The New York Capital District offers seemingly endless entrepreneur resources. And as a smaller metropolitan region, we have a tight and supportive startup community. This is truly an asset to anyone striking out on their own with a new biz venture.
However, it can be a little hard figuring out what's what. So - we pulled together a guide to organize local resources for entrepreneurs.
(Note: this list focuses on tech and creative startup companies. Other kinds of small businesses will have different needs.)
Okay, let's jump in.
1. For big-picture stuff, here's what you should know. 📝
The U.S. Small Business Administration provides resources for starting and running a small business. They provide basic information about business setup (like writing a business plan, choosing a legal business structure, and securing licensing or permits) in addition to information about how to apply for federal government contracts, if that's your thing.
For New York State, the NY Business Express organizes resources that might be helpful for running a business. For example, if you need to know how to certify as a Minority and Women Owned Business (MWBE) in New York, this is a good starting point. The Business Express is newly launched and it's a work in progress (we actually have been doing usability testing with them!) so I recommend that you keep checking in.
Locally, the Capital Region Chamber of Commerce is a good overall resource. If you become a paid chamber member, you get extra opportunities and assistance.
Also locally, Innovate 518 is a collaboration between SUNY Albany and a handful of partners. (Many entities mentioned in this post are affiliated with Innovate 518.) Their collective goal is to promote commercialization in Upstate New York by connecting entrepreneurs with resources for funding, facilities, and mentorship.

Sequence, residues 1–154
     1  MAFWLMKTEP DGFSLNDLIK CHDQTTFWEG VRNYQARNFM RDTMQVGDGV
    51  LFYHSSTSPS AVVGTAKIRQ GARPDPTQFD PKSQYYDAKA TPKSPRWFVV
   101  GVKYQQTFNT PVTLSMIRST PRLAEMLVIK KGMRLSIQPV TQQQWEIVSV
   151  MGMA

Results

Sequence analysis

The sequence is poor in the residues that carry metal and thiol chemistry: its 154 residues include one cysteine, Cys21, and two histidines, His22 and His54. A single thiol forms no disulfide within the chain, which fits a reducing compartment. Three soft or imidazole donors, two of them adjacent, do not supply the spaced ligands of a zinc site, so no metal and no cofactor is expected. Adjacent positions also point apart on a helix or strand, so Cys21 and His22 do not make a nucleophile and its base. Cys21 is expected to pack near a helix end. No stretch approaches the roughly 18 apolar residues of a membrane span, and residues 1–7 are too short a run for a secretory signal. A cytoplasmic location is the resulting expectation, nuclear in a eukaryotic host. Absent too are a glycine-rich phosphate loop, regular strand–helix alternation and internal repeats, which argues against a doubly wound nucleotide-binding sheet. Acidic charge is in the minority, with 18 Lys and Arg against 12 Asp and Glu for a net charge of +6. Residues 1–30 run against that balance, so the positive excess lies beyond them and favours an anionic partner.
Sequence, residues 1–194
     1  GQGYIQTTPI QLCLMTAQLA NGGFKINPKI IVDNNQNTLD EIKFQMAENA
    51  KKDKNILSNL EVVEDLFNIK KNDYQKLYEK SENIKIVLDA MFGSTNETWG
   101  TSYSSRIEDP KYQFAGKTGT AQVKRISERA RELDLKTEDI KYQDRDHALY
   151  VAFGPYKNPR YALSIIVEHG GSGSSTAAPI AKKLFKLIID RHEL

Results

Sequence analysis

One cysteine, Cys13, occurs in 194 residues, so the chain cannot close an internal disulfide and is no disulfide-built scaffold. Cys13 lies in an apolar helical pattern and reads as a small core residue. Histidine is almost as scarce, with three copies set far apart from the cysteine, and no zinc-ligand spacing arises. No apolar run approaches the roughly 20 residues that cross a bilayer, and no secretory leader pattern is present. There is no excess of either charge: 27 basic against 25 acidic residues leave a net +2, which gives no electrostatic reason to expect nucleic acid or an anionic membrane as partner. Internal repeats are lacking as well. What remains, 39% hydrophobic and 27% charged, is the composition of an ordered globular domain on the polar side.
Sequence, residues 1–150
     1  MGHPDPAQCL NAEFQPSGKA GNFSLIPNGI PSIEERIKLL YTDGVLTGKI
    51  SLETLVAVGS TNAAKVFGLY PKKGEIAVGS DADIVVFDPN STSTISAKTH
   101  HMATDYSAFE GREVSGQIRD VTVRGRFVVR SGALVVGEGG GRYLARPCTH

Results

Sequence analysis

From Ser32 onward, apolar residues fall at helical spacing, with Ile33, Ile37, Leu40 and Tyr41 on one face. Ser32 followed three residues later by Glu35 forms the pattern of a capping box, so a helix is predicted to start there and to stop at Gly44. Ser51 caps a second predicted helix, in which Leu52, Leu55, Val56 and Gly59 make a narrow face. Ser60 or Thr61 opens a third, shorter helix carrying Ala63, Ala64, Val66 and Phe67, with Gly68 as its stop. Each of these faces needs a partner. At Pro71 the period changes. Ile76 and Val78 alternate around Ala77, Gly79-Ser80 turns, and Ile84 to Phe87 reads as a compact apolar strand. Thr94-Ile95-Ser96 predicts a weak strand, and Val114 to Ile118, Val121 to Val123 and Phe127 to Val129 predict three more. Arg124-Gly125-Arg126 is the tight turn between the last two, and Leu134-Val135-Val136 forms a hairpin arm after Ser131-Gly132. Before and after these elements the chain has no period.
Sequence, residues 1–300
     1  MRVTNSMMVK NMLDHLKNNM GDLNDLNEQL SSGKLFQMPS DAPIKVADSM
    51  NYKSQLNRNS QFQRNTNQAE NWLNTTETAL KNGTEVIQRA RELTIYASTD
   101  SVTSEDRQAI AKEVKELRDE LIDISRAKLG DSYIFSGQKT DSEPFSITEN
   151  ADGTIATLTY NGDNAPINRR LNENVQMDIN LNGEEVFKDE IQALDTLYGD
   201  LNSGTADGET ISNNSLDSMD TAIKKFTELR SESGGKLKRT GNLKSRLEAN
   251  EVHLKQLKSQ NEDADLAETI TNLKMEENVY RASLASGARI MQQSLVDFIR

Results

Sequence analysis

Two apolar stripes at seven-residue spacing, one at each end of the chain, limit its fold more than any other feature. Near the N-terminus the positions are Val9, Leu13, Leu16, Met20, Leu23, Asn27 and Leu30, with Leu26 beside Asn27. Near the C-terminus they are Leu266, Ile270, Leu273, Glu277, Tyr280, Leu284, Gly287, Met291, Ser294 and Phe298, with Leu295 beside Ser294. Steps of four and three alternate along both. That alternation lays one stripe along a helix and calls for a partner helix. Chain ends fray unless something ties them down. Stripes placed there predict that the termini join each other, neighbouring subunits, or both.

Okay, now let's dig a little deeper!
2. Competitions are sometimes a great starting point. 🏅
Many business plan and pitching competitions are strictly for students. Sometimes the final presentations are open to the public, so non-students can attend as audience members. Competitions are a good way to get feedback on your business plan, and winners typically receive a cash prize! Here are some competition examples for students:
Also, Saratoga Go! is a three-month innovation competition targeting technology ideas that support Saratoga's Smart City Commission created in 2016. This competition is open to anyone, from high schoolers to established professionals. All participants receive ongoing training and winners receive money and prizes.
3. If you need real-deal, hands-on guidance, apply for a startup incubator or accelerator. 💡
Incubators and accelerators are the most efficient way to get structured training for essential startup skills like legal requirements, business development, and commercialization. Though the two concepts are often combined, incubators are for validating a business idea whereas accelerators are for scaling a product once the idea is validated. In both cases, you commit to investing serious time and effort toward making your venture a successful reality.
Here are some local startup incubators and accelerators:
- The Emerging Ventures Ecosystem (EVE) is housed within the RPI Innovation Hub in Troy, but participants are not required to be students. EVE provides new and growing ventures with resources and mentorship. EVE also hosts the REVEAL ten-week summer accelerator program.
- Ignite U NY offers an eight-week summer accelerator program in Troy, helping startups develop critical skills for networking, pivoting, and growth. Good fits for this accelerator are entrepreneurs who have already created a proof-of-concept and a business model.
- New York BizLab is an accelerator space in Schenectady, providing an opportunity for established startups to rent affordable office space in a building with other entrepreneurs and mentors.